If it wasn’t obvious before, it should be now: President Donald Trump is in an impeachment fight.
It hasn’t fully ripened yet. That won’t happen unless Democrats take the House and do so with a healthy margin in the fall. But Michael Cohen’s statement that he committed campaign-finance violations at the behest of Trump makes it that much more likely Democrats will impeach him once they have the power and the votes to do it.
The campaign-finance charges give the Democrats one article of impeachment—they will find others—and surely will intensify the desire of the Democratic base for the sternest rebuke the House can make of a president. Even if Nancy Pelosi, assuming she’s still the leader of her caucus, wants to avoid impeachment as pointless and politically counter-productive, she will be hard-pressed to resist the #Resistance on the question.
This means Trump is in a political fight more than a legal one. His concern shouldn’t be the Southern District of New York—current Justice Department guidance says a sitting president can’t be indicted—but the House Judiciary Committee. His strategy shouldn’t be aimed at convincing prosecutors that he stayed on the right side of the law, but the broader public that he deserves to stay in office.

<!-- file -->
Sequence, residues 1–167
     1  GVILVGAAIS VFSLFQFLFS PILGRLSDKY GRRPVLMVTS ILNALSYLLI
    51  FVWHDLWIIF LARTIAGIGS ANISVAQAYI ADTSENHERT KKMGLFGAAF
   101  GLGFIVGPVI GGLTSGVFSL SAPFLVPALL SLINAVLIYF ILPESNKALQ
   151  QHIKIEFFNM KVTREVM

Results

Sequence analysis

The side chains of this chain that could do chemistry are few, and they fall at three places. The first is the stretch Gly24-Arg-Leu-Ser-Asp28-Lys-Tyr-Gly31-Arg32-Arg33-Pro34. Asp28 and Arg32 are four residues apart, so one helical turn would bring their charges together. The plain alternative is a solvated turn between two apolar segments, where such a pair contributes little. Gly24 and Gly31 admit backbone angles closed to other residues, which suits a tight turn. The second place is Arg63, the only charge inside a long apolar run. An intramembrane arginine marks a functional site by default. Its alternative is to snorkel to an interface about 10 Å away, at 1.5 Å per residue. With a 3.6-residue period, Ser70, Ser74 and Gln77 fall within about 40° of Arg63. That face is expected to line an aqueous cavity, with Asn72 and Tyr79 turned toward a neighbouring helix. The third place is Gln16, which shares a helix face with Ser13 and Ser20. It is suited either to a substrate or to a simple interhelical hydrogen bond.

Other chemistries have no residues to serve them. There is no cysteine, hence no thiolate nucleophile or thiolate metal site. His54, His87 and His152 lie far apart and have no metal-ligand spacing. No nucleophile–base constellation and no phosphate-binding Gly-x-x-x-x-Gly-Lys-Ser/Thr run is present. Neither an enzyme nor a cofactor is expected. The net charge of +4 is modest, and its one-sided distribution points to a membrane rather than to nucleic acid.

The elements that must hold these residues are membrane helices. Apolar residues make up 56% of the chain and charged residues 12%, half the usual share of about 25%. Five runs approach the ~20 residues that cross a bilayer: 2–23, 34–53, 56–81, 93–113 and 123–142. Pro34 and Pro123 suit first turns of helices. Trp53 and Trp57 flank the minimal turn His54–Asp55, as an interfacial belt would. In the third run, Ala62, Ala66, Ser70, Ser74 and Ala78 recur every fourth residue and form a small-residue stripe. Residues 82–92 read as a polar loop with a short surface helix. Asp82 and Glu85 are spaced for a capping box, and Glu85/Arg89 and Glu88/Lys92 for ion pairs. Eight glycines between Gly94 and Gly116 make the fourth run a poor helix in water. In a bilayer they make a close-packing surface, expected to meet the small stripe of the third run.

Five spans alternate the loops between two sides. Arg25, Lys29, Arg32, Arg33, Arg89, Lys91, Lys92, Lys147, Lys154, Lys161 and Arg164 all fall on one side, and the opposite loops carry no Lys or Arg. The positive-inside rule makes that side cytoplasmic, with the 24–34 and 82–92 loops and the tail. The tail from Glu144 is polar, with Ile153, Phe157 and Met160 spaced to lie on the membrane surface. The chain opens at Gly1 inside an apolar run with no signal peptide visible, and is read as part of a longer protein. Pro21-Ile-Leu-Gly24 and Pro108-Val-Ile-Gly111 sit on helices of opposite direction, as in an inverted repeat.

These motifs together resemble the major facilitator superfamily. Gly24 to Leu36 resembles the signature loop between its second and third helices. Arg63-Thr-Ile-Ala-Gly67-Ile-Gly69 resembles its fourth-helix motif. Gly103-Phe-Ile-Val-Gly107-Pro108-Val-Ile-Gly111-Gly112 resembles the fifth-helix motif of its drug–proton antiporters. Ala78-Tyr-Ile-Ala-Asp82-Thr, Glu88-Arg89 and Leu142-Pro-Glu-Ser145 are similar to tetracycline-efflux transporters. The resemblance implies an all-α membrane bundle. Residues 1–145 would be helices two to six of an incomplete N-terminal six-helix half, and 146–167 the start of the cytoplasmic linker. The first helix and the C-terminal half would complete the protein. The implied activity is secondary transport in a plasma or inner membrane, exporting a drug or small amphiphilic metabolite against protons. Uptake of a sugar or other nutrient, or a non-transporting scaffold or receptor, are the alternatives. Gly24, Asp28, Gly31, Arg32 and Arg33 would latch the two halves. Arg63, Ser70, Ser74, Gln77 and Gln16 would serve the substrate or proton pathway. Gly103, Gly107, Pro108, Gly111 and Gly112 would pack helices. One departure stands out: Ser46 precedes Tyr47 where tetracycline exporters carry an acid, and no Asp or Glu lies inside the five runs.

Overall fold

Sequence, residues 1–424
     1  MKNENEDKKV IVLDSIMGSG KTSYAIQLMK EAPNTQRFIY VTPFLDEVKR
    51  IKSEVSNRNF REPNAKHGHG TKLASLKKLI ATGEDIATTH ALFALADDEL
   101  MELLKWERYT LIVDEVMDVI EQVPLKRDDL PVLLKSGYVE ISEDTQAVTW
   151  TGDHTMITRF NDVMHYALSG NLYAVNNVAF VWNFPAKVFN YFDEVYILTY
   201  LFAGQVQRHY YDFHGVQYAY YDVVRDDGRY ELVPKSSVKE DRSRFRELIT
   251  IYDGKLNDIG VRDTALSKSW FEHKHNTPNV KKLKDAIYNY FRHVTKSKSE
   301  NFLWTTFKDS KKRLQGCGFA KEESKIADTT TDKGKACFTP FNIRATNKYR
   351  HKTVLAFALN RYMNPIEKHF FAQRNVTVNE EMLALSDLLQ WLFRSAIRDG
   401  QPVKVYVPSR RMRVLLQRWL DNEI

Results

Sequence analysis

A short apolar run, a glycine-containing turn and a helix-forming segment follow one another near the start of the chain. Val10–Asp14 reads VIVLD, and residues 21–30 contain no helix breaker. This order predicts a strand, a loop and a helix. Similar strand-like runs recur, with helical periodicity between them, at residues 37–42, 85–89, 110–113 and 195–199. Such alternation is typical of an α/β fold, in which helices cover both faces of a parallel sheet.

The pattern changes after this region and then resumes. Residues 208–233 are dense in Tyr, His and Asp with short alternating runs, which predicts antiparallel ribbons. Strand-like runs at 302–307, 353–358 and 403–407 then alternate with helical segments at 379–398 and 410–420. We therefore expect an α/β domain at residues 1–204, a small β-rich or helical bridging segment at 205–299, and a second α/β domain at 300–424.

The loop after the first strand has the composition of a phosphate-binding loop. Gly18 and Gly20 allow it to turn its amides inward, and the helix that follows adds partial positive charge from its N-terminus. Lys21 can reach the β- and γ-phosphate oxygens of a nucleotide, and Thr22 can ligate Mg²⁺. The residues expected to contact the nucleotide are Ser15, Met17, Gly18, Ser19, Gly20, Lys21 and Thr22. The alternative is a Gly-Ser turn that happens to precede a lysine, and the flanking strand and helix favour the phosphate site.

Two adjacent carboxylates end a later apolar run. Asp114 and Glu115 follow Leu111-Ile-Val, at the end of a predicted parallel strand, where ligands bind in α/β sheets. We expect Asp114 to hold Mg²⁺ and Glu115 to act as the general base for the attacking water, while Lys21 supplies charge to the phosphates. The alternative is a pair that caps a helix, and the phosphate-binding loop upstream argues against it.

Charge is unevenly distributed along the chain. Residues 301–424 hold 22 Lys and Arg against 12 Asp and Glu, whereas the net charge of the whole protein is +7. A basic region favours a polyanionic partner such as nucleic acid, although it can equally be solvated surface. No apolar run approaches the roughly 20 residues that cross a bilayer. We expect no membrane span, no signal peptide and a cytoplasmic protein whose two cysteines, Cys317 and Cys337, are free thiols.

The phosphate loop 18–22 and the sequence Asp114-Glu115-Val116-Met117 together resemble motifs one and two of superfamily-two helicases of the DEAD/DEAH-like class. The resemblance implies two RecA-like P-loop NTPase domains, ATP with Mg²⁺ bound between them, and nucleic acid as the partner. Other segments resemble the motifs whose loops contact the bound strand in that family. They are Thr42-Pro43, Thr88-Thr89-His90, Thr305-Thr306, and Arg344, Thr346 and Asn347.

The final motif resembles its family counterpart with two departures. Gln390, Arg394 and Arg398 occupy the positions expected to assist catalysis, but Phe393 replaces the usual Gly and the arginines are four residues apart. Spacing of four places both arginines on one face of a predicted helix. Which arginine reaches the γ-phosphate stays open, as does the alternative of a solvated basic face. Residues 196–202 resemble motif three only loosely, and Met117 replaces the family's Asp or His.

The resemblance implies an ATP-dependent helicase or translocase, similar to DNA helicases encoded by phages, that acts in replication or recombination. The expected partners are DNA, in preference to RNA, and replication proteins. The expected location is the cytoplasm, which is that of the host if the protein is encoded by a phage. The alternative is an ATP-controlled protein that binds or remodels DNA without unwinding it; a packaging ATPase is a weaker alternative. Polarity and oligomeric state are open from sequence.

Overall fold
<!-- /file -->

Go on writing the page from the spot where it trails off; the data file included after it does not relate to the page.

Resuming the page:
The most powerful tool that he has in that effort is telling the truth, exactly the approach most uncongenial to him.
The American public has a nearly boundless ability to forgive. Wayward politicians have fallen back on it throughout our history, whether it was Alexander Hamilton pouring out his guts over his sordid affair with Maria Reynolds, or John F. Kennedy admitting error in the Bay of Pigs, or Bill Clinton (after a season of extravagant and increasingly tinny denials) ’fessing up to his fling with Monica Lewinsky.
It is in this spirit that Donald Trump should confess his affairs with Stormy Daniels and Karen McDougal, admit he wanted to keep them quiet for a variety of reasons (sheer embarrassment, the potential political fallout, and the emotional effect on his wife and youngest son), and apologize to the public for his deception. Then, he should say he’s directing his lawyer to approach the Federal Election Commission to negotiate a large payment for any violation of its rules.